NEW YORK (Reuters) - Earnings season may be only half over, but the focus on profits should subside this week as investors turn their attention to the coming election and Friday’s jobs data - the last major economic indicator before the November 6 contest.
More bellwether companies are set to report results in what will be another “peak week” of the earnings season. Such a flurry of numbers normally holds Wall Street’s attention, and it can lead to market swings. But volume and volatility may be slight this week, with market participants opting to remain on the sidelines ahead of the jobs data and the election.
The U.S. government’s October jobs report will give a snapshot of the current labor market. It could also give a bit of a lift to President Barack Obama, should it come out better than anticipated, or help Republican candidate Mitt Romney - if it is worse than forecast.
Polls currently indicate that President Obama is a slight favorite to win on November 6, but the race will be tight. The most recent Reuters/Ipsos poll of likely voters shows the president ahead - 47 percent to 45 percent.
The Standard & Poor’s 500 Index fell 1.5 percent last week, largely because of a spate of earnings disappointments. The Dow Jones industrial average slid 1.8 percent last week, and the Nasdaq composite index dropped 0.6 percent.
What is notable, however, is that rebounds have been brief and quick to attract sellers.
Some investors cited the approaching election as a barrier to committing new capital to the market.
“Not many people have the stomach to plop down their bets when polling is so close,” said Hayes Miller, the Boston-based head of asset allocation in North America at Baring Asset Management. “For the most part, investors will wait and see what happens.”
Miller, who helps oversee more than $50 billion in assets, said the trend of caution would be especially pronounced in the health care .GSPA, financial .GSPF and energy .GSPE sectors - three areas that may face different regulatory outlooks, depending on the election’s outcome.
“These are the ones really in play,” he said.
Expectations for the nonfarm payrolls report, set for release on Friday, are by no means certain, either. Analysts expect 124,000 jobs were added in October - up 10,000 from September. However, the unemployment rate is also seen ticking higher - to 7.9 percent from 7.8 percent.
A payroll surprise in either direction could further cloud expectations for the election’s outcome.
“A big change in payrolls could cause some uncertainty over the winner,” said Jerry Harris, president of asset management at Sterne Agee, in Birmingham, Alabama. “I don’t expect a big surprise, but while the S&P doesn’t seem especially vulnerable at these levels, I don’t think it is in a hurry to go up, either.”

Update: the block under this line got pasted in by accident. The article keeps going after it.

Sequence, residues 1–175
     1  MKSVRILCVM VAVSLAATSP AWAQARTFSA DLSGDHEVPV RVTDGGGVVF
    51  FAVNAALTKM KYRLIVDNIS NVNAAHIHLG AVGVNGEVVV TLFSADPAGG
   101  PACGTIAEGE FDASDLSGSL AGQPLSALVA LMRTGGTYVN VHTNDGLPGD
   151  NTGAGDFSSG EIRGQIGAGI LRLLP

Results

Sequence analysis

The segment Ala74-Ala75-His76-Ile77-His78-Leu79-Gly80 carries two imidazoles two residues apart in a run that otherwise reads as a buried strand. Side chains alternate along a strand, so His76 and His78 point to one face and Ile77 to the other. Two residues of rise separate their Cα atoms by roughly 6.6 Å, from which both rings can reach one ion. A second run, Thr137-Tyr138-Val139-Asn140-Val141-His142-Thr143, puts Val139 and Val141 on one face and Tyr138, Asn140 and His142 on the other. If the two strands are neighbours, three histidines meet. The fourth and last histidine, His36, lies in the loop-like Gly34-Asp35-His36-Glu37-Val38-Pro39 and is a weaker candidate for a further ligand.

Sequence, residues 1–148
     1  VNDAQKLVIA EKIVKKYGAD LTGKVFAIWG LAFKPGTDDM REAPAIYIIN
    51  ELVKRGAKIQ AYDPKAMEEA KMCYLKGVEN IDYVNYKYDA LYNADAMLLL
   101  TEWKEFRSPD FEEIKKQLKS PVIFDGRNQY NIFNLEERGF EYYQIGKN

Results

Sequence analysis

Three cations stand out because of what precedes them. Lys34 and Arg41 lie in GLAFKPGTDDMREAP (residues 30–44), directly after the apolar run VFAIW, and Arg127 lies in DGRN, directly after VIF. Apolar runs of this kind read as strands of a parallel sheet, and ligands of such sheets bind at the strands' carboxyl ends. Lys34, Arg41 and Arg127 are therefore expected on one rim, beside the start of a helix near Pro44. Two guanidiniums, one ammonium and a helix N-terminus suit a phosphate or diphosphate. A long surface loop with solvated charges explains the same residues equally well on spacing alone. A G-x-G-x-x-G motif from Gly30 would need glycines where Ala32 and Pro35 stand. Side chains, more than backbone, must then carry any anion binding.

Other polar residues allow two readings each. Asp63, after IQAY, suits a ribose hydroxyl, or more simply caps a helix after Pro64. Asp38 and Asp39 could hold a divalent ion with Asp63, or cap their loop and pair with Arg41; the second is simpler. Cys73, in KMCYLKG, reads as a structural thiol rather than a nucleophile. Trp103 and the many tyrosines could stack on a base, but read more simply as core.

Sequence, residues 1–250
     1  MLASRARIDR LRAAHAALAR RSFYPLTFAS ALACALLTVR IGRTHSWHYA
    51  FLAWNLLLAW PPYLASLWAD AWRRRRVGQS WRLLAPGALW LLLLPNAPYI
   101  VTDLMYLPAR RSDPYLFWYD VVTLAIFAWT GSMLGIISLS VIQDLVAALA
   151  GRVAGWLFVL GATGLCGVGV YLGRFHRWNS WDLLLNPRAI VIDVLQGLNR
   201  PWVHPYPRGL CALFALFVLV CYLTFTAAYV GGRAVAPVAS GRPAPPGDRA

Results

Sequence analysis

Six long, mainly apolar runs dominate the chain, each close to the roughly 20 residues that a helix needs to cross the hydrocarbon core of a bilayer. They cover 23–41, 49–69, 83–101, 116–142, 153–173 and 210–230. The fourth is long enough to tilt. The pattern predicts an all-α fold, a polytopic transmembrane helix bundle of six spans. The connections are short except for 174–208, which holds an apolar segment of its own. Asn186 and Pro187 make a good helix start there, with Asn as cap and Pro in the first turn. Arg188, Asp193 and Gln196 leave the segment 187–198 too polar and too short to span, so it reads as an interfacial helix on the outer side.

The market will also have to contend with the weather. Hurricane Sandy is expected to hit the eastern third of the United States, including the East Coast, by Monday night with torrential rains, high winds, major flooding and power outages. In New York, officials will close the city’s bus and subway lines, and commuter railroads at 7 p.m. EDT Sunday. Decisions have not been made whether to close bridges and tunnels leading to Manhattan in preparation for the storm’s arrival.
At the New York Stock Exchange, the plans call for business as usual. The exchange issued a statement saying it has contingency plans to have the market running, adding that it has back-up power generation facilities. The Big Board will make accommodations for critical staff and traders.
Rival marketplace NASDAQ OMX said in a statement that it plans to make sure its systems are ready. It will communicate with its members before, up to and after the storm.
While the market at large may be waiting on news events, individual stocks could still be volatile as earnings season grinds along. More than half of the S&P 500 components have reported results so far. This week, though, will bring reports from some marquee names such as Dow components Chevron (CVX.N) and Pfizer (PFE.N), as well as S&P 500 stalwarts Visa (V.N), Ford Motor (F.N) and Starbucks (SBUX.O)
With 54 percent of the S&P 500 companies having reported results so far, 62.5 percent have topped earnings expectations, under the 67 percent average over the past four quarters. Just 37 percent have topped revenue forecasts, well under the 55 percent over the past four quarters.
The earnings disappointments led to some intensive selling, driving the Dow industrials down 243.36 points last Tuesday.
The S&P 500 has ended down in five of the past seven trading sessions. Those declines have pushed the benchmark S&P under its 50-day moving average of around 1,434, leading some analysts to believe it may be ready for a bounce.
“We’ll use any pullback as an opportunity to buy,” said Chip Cobb, senior vice president at Bryn Mawr Trust Asset Management in Bryn Mawr, Pennsylvania. “Even though we’ve seen a number of companies miss expectations and be overly cautious, we’re focusing on how a majority have beaten.”
Cobb said he was especially looking to results this week from U.S. Steel Corp (X.N). Its stock is down almost 20 percent so far this year.
“Steel companies have been participating really poorly, and I’m anxious to see if that will continue,” he said.
(Wall St Week Ahead runs every Sunday. Questions or comments on this column can be emailed to: ryan.vlastelica(at)thomsonreuters.com)
Editing by Jan Paschal